October 28, 2011 - Updated on January 20, 2016

Spurious media access to immigration detention centres

In the wake of a Sri Lankan refugee’s death at Villawood Immigration Detention Centre in Sydney on 25 October, Reporters Without Borders strongly condemns the immigration minister’s draconian new rules for media access to such centres as an abusive restriction on news and information that is tantamount to censoring coverage of a matter of great public interest.

The Sri Lankan refugee was the seventh detainee to die at one of these centres this year.

“If these rules are applied, they would turn Australia’s immigration detention centres into the most impenetrable places in the world, on a level with Guantanamo,” Reporters Without Borders secretary-general Jean-François Julliard said. “This control system for journalists, including the authorization process, the obligation to sign an agreement and the escort requirement, all seriously violate the right to information that is supposed to be guaranteed by the law.

Julliard added: “We urge immigration minister Chris Bowen to rescind these rules and allow journalists to be free to do their job. The government must recognize that these centres cannot become secrets places where human tragedies can take place with the public knowing. Access to immigrant detention centres is not just a problem for journalists in Australia. It is also restricted or banned in most European countries without this being specified in any laws or regulations. The conditions in which foreign citizens are held in detention centres are a matter of public interest.”

Under the rules published last week by the department of immigration, journalists who want to visit an immigration detention centre must sign a “deed of agreement” that regulates everything, including what the journalists can report, and establishes a system of prior approval of all photos, video and audio footage before they are published or broadcast.

Access request procedure

Under the agreement, journalists undertake to comply with all the rules set by the immigration department, They have to fill out forms in which they must identify not only themselves, the centre they want to visit, and the date of their visit, but also the nature of the media content they want to acquire and the equipment they intend to use.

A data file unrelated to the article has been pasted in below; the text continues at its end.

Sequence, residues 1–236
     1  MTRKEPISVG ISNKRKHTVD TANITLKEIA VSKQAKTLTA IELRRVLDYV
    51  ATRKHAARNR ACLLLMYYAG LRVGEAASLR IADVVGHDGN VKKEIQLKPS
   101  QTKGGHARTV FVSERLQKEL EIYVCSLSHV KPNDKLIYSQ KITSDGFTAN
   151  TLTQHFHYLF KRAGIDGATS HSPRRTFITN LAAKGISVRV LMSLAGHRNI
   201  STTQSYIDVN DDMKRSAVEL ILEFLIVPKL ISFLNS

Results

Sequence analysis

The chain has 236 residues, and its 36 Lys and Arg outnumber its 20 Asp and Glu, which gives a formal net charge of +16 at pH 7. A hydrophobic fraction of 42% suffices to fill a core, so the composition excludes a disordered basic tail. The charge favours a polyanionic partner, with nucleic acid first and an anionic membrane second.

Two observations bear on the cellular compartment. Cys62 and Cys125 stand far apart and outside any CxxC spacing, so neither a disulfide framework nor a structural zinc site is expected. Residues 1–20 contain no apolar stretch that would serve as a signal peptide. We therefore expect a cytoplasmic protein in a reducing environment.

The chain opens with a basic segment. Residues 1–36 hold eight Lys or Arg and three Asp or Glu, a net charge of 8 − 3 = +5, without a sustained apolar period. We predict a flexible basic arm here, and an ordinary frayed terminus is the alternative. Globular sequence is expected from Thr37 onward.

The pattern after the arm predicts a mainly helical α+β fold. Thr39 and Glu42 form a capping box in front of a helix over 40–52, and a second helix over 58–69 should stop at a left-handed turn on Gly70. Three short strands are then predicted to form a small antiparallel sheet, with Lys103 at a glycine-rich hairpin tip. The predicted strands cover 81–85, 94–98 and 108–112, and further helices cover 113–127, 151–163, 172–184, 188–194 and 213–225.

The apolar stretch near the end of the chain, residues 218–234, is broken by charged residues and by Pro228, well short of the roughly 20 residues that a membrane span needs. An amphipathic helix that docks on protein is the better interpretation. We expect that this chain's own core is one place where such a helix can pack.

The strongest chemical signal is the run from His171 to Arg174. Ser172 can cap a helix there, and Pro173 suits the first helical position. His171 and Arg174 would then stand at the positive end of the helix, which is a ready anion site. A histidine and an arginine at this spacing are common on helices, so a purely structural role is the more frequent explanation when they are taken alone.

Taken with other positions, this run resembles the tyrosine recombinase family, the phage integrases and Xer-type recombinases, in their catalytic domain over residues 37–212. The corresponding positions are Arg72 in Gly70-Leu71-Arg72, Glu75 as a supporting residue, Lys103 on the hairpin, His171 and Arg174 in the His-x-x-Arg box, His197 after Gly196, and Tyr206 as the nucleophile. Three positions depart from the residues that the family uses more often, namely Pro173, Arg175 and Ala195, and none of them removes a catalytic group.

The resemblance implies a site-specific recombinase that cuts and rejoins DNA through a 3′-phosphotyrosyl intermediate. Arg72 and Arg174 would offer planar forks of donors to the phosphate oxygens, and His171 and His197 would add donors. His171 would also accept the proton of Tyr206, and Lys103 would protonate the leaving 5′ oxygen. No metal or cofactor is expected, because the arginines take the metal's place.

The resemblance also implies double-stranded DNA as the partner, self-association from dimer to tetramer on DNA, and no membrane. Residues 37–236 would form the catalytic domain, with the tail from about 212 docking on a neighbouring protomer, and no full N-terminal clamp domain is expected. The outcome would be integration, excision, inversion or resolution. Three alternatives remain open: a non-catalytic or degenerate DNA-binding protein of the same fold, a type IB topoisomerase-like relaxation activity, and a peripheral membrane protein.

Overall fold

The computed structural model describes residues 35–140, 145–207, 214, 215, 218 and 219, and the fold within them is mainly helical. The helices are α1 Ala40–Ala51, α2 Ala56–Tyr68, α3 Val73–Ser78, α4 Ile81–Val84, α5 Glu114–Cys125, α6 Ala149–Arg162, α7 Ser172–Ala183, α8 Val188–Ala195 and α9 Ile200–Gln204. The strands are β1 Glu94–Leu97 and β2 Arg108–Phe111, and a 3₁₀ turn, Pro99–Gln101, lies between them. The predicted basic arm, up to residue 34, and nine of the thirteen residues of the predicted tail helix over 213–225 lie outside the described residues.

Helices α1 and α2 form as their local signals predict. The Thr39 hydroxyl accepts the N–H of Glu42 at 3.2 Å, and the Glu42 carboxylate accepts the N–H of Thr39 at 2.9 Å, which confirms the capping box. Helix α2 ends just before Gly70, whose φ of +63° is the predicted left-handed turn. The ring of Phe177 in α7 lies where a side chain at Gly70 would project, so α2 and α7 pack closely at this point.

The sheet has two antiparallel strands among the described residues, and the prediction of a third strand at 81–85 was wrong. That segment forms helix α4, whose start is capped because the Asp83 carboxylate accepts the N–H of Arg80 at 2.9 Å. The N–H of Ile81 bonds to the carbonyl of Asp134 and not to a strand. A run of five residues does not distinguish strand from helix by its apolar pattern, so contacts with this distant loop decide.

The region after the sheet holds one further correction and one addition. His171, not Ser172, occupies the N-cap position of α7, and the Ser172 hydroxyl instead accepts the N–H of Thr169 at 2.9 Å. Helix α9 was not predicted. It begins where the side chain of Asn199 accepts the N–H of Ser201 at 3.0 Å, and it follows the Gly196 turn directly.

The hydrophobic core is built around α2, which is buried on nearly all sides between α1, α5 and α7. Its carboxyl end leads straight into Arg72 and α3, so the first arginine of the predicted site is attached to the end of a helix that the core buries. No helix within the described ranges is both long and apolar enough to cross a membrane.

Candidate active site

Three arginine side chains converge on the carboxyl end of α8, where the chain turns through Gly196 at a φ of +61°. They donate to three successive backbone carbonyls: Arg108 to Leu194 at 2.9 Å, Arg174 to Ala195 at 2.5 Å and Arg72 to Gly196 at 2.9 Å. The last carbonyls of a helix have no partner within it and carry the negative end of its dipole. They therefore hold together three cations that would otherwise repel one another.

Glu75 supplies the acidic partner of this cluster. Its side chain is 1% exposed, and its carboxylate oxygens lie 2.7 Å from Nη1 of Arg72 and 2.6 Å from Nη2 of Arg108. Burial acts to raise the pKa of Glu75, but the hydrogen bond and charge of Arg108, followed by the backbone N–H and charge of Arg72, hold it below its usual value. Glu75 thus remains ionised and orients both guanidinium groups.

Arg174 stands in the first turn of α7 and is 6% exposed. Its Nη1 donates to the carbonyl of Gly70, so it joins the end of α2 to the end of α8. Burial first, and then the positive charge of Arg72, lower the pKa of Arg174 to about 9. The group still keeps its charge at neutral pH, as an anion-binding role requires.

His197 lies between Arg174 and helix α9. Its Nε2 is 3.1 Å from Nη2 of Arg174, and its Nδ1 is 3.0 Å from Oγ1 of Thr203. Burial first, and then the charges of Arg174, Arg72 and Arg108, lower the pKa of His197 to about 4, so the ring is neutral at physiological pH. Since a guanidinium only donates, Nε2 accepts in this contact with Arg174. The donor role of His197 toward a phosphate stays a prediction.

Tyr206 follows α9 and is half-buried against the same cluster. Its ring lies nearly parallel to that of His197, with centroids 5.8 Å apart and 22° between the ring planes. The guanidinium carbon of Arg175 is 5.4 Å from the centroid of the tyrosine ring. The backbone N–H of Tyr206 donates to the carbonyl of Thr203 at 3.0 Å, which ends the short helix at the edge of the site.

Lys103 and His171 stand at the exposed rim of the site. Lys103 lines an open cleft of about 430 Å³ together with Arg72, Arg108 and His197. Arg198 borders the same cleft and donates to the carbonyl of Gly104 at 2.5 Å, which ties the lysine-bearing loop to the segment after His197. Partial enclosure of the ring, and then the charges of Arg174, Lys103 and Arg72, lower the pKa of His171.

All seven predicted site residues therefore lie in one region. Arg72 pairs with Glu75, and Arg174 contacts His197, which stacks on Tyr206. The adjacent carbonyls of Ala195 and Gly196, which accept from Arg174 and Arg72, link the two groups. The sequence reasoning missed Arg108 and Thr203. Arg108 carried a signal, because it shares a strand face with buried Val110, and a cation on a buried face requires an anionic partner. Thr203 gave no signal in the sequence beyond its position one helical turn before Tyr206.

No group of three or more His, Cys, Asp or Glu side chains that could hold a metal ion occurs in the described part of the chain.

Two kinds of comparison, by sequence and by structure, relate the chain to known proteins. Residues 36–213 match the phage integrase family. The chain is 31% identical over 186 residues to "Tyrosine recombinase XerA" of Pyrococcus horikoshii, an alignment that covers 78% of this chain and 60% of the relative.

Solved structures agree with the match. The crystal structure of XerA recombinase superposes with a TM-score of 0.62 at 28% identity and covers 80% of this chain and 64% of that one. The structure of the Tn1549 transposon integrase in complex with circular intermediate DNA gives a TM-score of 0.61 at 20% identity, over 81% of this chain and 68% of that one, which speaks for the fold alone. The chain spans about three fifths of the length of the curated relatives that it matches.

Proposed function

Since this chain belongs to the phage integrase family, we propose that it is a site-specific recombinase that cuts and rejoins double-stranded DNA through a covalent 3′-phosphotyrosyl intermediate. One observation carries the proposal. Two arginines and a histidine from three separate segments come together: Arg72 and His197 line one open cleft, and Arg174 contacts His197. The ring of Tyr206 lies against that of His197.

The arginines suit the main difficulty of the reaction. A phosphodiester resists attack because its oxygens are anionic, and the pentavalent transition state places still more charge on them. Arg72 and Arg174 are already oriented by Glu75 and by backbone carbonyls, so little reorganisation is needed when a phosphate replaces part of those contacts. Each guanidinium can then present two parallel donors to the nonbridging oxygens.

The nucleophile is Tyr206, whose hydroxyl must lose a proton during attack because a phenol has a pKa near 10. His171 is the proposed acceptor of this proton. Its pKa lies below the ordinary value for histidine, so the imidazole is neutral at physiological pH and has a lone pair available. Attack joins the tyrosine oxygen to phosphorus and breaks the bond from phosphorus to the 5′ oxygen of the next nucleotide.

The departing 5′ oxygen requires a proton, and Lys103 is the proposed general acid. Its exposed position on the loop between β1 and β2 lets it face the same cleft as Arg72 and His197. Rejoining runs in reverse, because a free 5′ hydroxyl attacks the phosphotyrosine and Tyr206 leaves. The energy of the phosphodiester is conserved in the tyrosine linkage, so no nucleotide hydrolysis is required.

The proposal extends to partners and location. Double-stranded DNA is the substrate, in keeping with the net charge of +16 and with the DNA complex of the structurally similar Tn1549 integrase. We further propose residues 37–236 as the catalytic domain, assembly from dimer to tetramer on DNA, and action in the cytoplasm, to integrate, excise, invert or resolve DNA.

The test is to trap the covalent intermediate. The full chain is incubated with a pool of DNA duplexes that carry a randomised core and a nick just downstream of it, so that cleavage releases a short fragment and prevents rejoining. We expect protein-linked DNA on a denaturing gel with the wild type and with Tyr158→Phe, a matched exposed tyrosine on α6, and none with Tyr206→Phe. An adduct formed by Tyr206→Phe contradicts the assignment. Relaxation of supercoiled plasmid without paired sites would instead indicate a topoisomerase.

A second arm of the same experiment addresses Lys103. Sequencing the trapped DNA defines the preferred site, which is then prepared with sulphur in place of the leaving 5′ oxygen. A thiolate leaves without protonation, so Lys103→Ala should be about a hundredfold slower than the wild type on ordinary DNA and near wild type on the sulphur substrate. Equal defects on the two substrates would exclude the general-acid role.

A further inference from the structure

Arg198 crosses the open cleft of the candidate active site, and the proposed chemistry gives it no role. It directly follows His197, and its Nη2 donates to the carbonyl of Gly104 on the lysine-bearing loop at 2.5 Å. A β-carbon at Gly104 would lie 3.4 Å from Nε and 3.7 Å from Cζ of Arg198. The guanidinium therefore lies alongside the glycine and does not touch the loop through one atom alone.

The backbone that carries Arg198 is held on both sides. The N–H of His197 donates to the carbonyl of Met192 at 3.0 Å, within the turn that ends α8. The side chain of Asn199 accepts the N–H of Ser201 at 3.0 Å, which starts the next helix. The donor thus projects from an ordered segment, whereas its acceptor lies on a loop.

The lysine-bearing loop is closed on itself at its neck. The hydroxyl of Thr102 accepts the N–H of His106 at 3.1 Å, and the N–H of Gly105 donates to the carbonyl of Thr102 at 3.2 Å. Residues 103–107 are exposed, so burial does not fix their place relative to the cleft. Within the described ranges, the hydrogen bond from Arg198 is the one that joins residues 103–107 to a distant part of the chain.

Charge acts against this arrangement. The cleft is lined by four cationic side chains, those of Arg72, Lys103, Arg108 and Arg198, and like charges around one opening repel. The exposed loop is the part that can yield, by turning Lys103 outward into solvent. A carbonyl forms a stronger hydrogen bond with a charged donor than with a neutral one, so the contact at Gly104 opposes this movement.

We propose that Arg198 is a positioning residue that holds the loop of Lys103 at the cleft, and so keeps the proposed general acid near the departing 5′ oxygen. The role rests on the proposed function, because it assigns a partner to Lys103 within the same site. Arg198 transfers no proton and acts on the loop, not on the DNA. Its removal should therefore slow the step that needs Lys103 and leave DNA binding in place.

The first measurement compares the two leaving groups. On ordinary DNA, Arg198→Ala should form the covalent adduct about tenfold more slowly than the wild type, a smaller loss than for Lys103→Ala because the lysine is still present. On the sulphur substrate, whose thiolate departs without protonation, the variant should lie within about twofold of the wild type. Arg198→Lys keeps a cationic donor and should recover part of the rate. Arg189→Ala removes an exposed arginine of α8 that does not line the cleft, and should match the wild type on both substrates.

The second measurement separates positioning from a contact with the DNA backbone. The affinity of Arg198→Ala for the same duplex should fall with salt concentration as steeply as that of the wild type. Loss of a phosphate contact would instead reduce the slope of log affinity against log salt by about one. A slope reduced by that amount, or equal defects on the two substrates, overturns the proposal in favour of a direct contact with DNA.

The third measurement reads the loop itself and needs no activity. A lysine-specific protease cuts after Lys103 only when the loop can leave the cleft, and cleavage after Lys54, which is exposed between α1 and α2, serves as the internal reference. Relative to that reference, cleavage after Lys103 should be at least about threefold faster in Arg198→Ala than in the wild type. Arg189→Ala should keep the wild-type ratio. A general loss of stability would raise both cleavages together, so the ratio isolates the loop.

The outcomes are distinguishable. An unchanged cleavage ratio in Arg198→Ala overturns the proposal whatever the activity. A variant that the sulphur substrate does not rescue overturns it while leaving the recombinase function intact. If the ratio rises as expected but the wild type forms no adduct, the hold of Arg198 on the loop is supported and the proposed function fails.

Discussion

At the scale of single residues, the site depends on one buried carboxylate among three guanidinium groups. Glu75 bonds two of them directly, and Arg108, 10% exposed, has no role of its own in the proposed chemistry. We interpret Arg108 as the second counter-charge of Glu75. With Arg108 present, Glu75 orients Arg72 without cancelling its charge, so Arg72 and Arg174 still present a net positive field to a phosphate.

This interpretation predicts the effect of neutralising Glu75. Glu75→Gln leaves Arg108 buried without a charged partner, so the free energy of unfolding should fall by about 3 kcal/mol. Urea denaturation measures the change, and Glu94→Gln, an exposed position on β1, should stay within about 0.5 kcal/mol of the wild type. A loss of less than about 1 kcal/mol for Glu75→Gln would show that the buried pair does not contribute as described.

They also have to undertake to give the immigration department a copy of any photograph, video or audio recording and they are not allowed to take phones, cameras, recorders or any “other items” with them unless specifically authorized in advance.

Failure to respect any of the undertakings listed on page 13 of the agreement can result in the temporary or permanent withdrawal of the permission that has been given to journalists or their media.

Restrictions on journalists inside the centre

For the most part, the rules forbid photographing, filming or recording migrants or “protected parties” on “protection of privacy” grounds. They do not refer to any possibility of a person being able to specify whether or not they want to be interviewed by a journalist. The term “protected party” is defined every broadly and includes the detention centre’s personnel as well as people who are visiting detainees.

Journalists are forbidden to interview or “engage in any substantive communication” with any detainee unless specifically authorized to do so by the immigration department. According to Point 5 on Page 4 of the agreement, any unauthorized media content must be destroyed.

Journalists who are allowed into a detention centre must be accompanied at all times by a representative of the centre (Point 7.2) and must remain in “close proximity” with the representative (7.2.a). They must also follow the representative’s instructions on what may or may not be filmed, photographed or recorded at any time (7.2.c).

Two underlying justifications are given for any restrictive decision that may be taken by the detention centre (7.3): “national interests” and the “privacy” of detainees and “protected parties.” The detention centre’s representatives are free to interpret this as they see fit. There are no guidelines and no provision for referring to an independent judge.

In the event of any disagreement, journalists have to destroy the relevant photos, video or audio recording on pain of expulsion from the centre.

At the end of the visit, the centre’s representative reviews all of the photos, video and audio recordings taken by the journalists to ensure that they comply with the rules (7.4). The detention centre has “absolute discretion” in determining whether or not they comply (7.4 d).